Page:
Often the most fanciful ideas become the least questioned assumptions. In this election season a few have made themselves apparent, such as the notion that "change" is good by definition and "experience" is definitely good. Yet an even better example is the oft-repeated platitude that greater voter participation yields a healthier republic.
Ah, I've transgressed against dogma, but let's be logical. Most of us agree that having an educated populace is a prerequisite for a sound democratic republic. We also know that not everyone is well educated. Thus, it cannot be a good thing for everyone to vote. For those of you who had trouble following that line of reasoning, please remember that Election Day is November 5.
And one needn't be disenchanted with universal suffrage to agree. It's one thing to have one man, one vote; it's quite another to have one man, one obligation to vote. Yet we still hear that it's our "civic duty" to go to the polls. Well, no, actually, it's a civic duty to make ourselves worthy to do so.
This "vote first, ask questions later" idea reaches the very nadir of inanity when it manifests itself in get-out-the-vote drives, which can quite correctly be defined as an effort to rally the idiot vote disguised as a noble exercise in democracy. Yet whether the call to the polls is organized or incidental, I would always make the same point: If people don't have the initiative to get out and vote without prodding, it follows that they don't have the greater initiative necessary to inform themselves on the issues; thus, they shouldn't vote. As I said years ago in "Get-out-the-dopes Drives":
". . . this is a problem that takes care of itself when we let nature take its course. Those who don't care may not inform themselves, but more often than not a result of that will be that they won't vote, so no harm done. The problem arises when we put the cart before the horse and encourage those who can't yet drive to take the wheel."
This is no minor point. When people don't vote, it's for the same reason why they don't repair cars, fly planes or perform brain surgery.
They're not interested in those things.
This is important because, generally speaking, interest is a prerequisite for competency. How often have you met someone who became adept at something through disinterest? "You know, I don't like playing the piano, but one day someone convinced me to tickle the ivories and my fingers started playing Mozart's Concerto No. 9." When you hear that, let me know.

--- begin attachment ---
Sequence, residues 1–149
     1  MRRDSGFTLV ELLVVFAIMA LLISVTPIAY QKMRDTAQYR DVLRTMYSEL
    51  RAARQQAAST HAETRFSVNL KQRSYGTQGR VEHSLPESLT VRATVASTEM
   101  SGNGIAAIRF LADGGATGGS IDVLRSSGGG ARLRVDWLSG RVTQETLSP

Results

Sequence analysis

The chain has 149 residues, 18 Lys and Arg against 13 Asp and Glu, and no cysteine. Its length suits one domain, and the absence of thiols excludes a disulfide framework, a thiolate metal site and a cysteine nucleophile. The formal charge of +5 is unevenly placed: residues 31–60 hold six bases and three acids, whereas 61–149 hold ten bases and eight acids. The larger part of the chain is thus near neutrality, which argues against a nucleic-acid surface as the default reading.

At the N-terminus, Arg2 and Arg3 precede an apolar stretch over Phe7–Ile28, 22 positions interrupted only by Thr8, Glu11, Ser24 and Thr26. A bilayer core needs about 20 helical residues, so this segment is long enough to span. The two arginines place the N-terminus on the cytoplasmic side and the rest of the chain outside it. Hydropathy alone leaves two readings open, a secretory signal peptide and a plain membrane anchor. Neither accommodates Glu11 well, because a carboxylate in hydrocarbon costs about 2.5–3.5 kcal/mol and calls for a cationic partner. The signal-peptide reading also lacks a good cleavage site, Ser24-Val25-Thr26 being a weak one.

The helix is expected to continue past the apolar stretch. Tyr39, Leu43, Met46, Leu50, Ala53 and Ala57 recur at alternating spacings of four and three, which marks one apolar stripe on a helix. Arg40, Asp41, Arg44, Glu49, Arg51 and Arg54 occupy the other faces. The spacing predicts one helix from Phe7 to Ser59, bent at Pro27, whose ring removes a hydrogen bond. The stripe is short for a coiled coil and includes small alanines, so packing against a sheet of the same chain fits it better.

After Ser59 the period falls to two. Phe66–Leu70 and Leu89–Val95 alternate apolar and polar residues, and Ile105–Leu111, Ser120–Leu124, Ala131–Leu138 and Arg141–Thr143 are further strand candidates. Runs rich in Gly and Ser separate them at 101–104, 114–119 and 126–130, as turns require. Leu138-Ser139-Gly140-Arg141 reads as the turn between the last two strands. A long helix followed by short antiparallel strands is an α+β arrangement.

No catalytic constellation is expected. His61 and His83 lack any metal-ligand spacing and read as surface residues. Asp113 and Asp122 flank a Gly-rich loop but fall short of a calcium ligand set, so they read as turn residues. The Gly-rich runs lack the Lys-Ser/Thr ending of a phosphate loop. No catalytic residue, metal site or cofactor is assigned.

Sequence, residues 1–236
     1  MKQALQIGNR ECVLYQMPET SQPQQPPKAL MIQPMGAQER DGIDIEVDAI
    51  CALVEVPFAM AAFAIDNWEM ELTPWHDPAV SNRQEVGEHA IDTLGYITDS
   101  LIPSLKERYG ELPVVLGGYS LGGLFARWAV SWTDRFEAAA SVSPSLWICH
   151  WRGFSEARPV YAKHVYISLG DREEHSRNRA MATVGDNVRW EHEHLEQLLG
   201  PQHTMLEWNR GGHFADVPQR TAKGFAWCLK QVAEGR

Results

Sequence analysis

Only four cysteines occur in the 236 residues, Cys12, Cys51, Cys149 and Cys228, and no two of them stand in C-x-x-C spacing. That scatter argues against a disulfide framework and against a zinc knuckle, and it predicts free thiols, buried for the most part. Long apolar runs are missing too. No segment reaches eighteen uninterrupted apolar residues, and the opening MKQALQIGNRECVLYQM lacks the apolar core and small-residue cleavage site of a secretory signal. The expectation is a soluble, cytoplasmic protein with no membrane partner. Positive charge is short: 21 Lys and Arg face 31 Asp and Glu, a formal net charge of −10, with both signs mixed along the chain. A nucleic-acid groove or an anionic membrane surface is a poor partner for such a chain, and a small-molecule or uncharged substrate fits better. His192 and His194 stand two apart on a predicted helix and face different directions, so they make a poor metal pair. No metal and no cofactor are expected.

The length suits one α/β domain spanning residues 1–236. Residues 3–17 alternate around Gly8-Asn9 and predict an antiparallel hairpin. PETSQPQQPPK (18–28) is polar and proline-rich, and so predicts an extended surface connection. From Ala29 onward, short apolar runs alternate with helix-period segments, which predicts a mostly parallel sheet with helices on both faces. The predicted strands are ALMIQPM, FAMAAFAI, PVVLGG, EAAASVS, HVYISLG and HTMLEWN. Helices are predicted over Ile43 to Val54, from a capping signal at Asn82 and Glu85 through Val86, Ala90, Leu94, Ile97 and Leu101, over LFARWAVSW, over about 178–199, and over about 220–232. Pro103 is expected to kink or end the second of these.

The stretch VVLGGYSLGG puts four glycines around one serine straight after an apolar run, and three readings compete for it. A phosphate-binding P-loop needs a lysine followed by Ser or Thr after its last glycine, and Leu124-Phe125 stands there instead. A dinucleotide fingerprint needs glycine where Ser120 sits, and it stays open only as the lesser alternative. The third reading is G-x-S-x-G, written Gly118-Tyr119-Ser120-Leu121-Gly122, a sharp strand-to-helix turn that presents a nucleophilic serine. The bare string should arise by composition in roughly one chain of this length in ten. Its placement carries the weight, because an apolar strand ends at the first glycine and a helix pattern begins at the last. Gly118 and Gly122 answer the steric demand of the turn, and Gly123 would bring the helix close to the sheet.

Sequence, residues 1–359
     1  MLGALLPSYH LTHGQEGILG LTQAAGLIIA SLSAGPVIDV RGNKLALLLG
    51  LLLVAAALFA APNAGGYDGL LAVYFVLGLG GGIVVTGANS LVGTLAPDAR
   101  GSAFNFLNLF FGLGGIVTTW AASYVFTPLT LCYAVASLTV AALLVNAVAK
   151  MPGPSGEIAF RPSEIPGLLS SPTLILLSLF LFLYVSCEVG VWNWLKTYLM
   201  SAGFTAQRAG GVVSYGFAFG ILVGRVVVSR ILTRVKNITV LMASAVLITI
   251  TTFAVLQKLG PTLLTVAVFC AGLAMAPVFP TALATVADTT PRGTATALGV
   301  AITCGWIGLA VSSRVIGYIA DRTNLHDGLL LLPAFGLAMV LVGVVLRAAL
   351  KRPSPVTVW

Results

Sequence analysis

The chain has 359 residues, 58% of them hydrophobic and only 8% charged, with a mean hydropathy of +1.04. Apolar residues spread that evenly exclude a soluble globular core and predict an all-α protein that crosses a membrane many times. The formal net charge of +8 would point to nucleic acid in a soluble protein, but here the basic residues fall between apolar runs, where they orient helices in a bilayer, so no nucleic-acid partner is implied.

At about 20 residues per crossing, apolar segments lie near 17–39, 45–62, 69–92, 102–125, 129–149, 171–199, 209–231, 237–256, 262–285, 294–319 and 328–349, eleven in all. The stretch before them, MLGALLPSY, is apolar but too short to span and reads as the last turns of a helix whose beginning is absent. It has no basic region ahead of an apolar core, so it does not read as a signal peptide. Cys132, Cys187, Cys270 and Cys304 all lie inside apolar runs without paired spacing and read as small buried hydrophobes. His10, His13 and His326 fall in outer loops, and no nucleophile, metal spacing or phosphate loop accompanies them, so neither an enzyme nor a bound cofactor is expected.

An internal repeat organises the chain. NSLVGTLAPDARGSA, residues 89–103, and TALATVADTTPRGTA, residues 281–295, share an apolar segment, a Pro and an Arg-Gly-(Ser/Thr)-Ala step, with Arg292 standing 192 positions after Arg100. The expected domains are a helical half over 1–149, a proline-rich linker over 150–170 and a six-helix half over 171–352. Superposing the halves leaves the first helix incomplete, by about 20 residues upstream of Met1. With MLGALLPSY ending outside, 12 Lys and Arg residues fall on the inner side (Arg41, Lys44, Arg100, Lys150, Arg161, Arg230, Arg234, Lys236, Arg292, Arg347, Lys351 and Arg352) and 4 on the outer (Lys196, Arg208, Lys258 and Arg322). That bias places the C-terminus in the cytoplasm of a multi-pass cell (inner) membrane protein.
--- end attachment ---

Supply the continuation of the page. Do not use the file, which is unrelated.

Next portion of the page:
Really, we delude ourselves. We see a lot of posturing about getting people "engaged in the process," but it's all talk. A process is just that, a process, "a systematic series of actions directed to some end," while voting is simply an action. Or perhaps we could say it's a reaction - catalyzed by one's own knowledge and passion.
If people really were interested in the health of the "process," they would start at the beginning of that "systematic series of actions" - which is the step whereby you encourage people to care, study and inform themselves - not at the end with voting. They would understand that once this step was tended to, people would naturally cast ballots, as it is merely a by-product of personal political health.
Yet we entertain the folly that for some mysterious, inexplicable reason everyone should participate, that it's a good thing, regardless of how ignorant or ill-informed he may be. Well, why don't we apply this to others matters? We might as well say that if everyone flies a jumbo jet, air travel will somehow be better; we should assume that if everyone performs brain surgery, medical care will somehow improve. Why? Well . . . participation is the answer! That is enough.
Does it sound ridiculous? It's no more so than asserting that having everyone vote will yield a healthier nation. What we should do is take the Hippocratic Oath: "First, do no harm." This applies not just to those too ill-informed to vote but also those ill-informed enough to encourage them to do so.
You can call me an elitist, but it's getting easier to achieve that designation all the time. Study after study after study has revealed an appalling lack of historical knowledge among American youth - which carries over to adulthood - and our grasp of significant current events is no better. Quoting author of The Age of American Unreason, Susan Jacoby, The Wall Street Journal writes,
"(One poll that [sic] found more than three years into the Iraq war, only 23 percent of those with some college could locate Iraq, Iran, Saudi Arabia and Israel on a map . . . .)"
Moreover, many aren't any better at navigating the political map - some people don't even know the name of our vice president (hard to believe, but true). Despite this, there still are those who would convince the uninformed to vote, even though when pulling the lever at a polling place, the latter have no more grasp of the consequences of their actions than if they were to pull one in a casino.
Yet, when some encourage the ignorant to vote, there is method to their madness. The people I speak of do in fact care about the "process," it's just that their process - that "systematic series of actions directed to some end" - probably isn't the same as yours. This is because they seek a very different end: The attainment of power.